Jing and King Receive Mineral and Rock Physics Graduate Research Awards

king_danielZhicheng Jing and Daniel King have been awarded the 2011 Mineral and Rock Physics Graduate Research Award, given annually to one or more promising young scientists for outstanding contributions achieved during their Ph.D. research. Recipients of this award are engaged in experimental and/or theoretical studies of Earth and planetary materials with the purpose of unraveling the physics and chemistry that govern their origin and physical properties. Jing’s thesis is entitled “Equation of state of silicate liquids.” King’s thesis is entitled “Stress-driven melt segregation and reactive melt infiltration in partially molten rocks deformed in torsion with applications to melt extraction from Earth’s mantle.” They both were formally presented with the award at the 2011 AGU Fall Meeting, held 5–9 December in San Francisco, Calif.

Jing received his B.S. in geophysics from Peking University, Beijing, China, in 2000. He completed his Ph.D. in geophysics under the supervision of Shun-ichiro Karato at Yale University, New Haven, Conn., in 2010. He is currently a postdoctoral scholar at the University of Chicago, Chicago, Ill. His research interests focus on the equation of state of silicate and metallic liquids using both theoretical and experimental approaches and its application to geological problems.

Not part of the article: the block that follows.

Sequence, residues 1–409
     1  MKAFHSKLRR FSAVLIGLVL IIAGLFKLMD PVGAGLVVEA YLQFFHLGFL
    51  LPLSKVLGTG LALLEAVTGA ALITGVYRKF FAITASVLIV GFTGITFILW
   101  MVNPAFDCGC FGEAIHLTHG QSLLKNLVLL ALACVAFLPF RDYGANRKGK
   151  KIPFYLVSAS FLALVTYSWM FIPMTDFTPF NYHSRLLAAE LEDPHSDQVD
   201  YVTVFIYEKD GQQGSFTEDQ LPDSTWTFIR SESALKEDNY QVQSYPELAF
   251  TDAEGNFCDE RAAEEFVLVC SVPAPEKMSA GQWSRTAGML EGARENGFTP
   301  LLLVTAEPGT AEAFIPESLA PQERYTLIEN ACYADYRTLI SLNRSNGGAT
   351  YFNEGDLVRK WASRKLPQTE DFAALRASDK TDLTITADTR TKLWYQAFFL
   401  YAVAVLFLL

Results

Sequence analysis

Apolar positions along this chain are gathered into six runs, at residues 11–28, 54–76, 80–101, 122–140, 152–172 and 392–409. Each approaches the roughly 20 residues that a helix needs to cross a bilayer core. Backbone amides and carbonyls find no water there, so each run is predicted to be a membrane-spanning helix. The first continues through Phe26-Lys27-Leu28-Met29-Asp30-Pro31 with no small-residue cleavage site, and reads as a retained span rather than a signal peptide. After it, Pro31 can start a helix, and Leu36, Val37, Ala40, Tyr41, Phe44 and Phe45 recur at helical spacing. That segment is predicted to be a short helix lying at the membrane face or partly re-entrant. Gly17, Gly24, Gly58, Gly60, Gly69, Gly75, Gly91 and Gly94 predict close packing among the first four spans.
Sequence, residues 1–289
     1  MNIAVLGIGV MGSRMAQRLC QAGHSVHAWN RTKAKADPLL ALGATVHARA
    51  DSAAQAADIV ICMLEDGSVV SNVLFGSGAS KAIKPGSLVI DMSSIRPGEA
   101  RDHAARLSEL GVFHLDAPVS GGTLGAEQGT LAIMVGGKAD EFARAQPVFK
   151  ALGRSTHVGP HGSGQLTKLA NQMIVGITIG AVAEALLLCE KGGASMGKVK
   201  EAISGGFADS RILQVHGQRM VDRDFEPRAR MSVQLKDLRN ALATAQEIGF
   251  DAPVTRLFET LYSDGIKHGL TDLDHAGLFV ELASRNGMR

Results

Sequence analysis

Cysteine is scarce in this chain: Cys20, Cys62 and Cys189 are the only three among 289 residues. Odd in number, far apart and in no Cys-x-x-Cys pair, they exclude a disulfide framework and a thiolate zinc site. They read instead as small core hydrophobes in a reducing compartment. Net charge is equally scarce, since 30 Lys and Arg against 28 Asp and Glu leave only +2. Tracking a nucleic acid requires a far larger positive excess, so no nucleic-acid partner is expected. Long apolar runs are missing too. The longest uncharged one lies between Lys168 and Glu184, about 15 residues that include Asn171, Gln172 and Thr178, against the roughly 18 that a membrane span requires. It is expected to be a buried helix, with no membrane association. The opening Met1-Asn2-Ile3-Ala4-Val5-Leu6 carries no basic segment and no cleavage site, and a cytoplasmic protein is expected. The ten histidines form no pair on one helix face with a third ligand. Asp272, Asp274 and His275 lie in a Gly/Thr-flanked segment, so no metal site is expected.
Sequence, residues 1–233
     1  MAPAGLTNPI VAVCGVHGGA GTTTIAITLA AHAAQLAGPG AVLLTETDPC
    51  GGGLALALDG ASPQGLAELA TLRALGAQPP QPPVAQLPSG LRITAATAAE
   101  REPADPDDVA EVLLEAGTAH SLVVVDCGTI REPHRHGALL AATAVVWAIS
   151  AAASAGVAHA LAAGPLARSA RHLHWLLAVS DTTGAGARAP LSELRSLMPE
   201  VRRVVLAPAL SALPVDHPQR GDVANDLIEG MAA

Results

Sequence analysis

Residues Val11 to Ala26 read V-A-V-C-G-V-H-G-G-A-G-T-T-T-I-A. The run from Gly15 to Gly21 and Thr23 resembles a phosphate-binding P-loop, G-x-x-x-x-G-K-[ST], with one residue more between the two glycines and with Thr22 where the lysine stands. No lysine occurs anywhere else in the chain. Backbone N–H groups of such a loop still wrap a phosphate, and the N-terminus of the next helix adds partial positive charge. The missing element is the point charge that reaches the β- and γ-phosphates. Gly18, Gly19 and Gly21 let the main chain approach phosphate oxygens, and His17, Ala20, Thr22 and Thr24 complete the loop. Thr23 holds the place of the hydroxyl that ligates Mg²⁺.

King received his B.S. in geology from Brown University, Providence, R. I., in 2003 and a M.Sc. in structural geology from the University of Vermont, Burlington, in 2006 under the supervision of Keith Klepeis. He completed his Ph.D. in rock and mineral physics under the supervision of David Kohlstedt at the University of Minnesota, Twin Cities. His research interests include the mechanical behavior of the crust and mantle, rock physics, and earthquake mechanics.